Former MLB player finds his way back to the Hawk's nest
Published: Wednesday, December 28, 2011
Updated: Thursday, December 29, 2011 12:12
Born in Memphis, Tenn., John Raynor's family moved to Benson, N.C. when he was just a baby. It was there where Raynor's passion for baseball started. After performing well in high school, Raynor got recruited by UNC Wilmington to play baseball. Raynor's major was and still is biology.
"I started out with biology," he said, "and it's kind of those things where I don't know or plan on doing anything with it, but I'm close to finishing it, so I'm going to get it done to see what's out there for me."
As Raynor put it, he was a very "raw" player coming out of high school. He didn't start his freshman year, but he and his team made progress down the stretch. "We won two conference championships in 2004 and 2006 while I played and we went to regionals three times," he said.
Raynor got drafted his junior year by the Baltimore Orioles in 2005, but he didn't sign with the Major League Baseball club. "I had a lot of school to finish and I was a little behind because I was a biology major and I could only take one lab course in the spring since I played baseball," he said. "The other reason why I didn't sign was that the relationship with the scouting group from the Baltimore Orioles did not go well. The one scout in particular had a hot temper and hung up on me a few times and it was just a bad sign not to go to that team."
After Raynor didn't sign with the Orioles, the Florida Marlins drafted him in 2006 in the ninth round and sent him to the minor leagues. He worked his way up to Triple A and in 2007, Raynor had his best year statistically with the Greensboro Grasshoppers. That year, Raynor had 110 runs, 148 hits, 13 home runs, 57 RBIs and a .333 batting average. After playing for Greensboro, Raynor joined another North Carolina minor league team: the Carolina Mudcats.
As Raynor improved, he kept getting promoted and started playing with more well-known teams. He went to his first MLB camp in 2009, but instead of joining the Major Leagues, he was sent to a Triple A minor league team in New Orleans. Raynor hoped to get his big break after New Orleans, but it didn't work out that way.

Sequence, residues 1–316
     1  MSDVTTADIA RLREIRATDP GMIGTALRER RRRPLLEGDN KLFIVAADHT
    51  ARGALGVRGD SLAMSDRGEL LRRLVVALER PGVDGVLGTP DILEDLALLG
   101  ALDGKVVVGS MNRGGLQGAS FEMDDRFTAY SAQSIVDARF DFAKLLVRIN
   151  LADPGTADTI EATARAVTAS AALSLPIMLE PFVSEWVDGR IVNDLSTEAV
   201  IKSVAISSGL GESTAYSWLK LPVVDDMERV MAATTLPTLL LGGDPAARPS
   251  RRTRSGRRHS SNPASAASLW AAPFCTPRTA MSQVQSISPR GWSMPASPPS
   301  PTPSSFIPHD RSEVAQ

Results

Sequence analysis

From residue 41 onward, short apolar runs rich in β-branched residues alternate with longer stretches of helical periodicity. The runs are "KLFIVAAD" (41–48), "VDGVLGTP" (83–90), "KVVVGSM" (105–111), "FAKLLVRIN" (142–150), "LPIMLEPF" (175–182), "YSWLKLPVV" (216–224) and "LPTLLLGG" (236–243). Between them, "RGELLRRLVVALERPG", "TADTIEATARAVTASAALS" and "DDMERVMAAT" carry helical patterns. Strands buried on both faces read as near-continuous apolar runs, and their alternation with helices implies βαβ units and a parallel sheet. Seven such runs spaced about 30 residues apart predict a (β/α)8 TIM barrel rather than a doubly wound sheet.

"How it works is a team has four years to keep you on a 40-man roster, so as far the Marlins, I had a down year that year so it was enough for them to not put me on the roster for next year," he explained. "So once I was released by the Marlins, the Pittsburgh Pirates ended up getting me."
However, even though Raynor got his shot at the big leagues, it wasn't as glamorous as one might expect. "I was basically the fifth outfielder on the roster, and I was just a pinch hitter and they were going to ease me in. Things were going good at first, but we got into a really bad spot where we weren't playing really well. Starting pitchers were not doing so great. so they were using the bullpen up because guys needed rest.
"They ended up bringing four or five guys from the minor leagues to try and fill in and finally we got into a really bad spot where we had to kick someone off the 40-man roster and I was probably the second or third one to go after they got their pitchers. It wasn't that I failed at an opportunity; I just ended up being at the wrong place at the wrong time. That's how the dice rolled."
After Raynor left the Pirates, they put him on waivers. A waiver goes out to every team, but the worst teams have first dibs before the rest of the league. After no one selected him, the Pirates went through seven days of negotiating a trade with his former team, the Marlins, but the attempt was unsuccessful.
"After all that happened, I drove back home to Benson from Pittsburgh and sat at home for 10 days while the Pirates were dealing with all that, and I sat there waiting to see where I would end up," he said. "They called me and told me that they couldn't make it happen, so I had to go to Triple A where I was the year before in New Orleans."
After playing all of last year in New Orleans, Raynor wasn't happy being back with the Marlins, because they were the ones who didn't necessarily protect him on the roster in the first place. During the offseason, Raynor asked if he could have an opportunity to play somewhere else. He wanted to be released so he could explore more options in the MLB. The Marlins wouldn't release him, though, so Raynor left. He is back in school at UNCW to complete his degree as a biology major and he is also a part of the baseball coaching staff.
"I work as a undergraduate assistant and it's something that I felt like I needed to do to give back to those who helped me," he said. "I really get a big kick out of seeing people get better, and we're seeing that with a few guys. There's so much more for them to learn."
Raynor is currently married and lives in an apartment not too far off from the UNCW campus. He is hoping to help support the current Seahawks and lead them to conference championships. "I'm excited about trying something new and ready to see where it leads."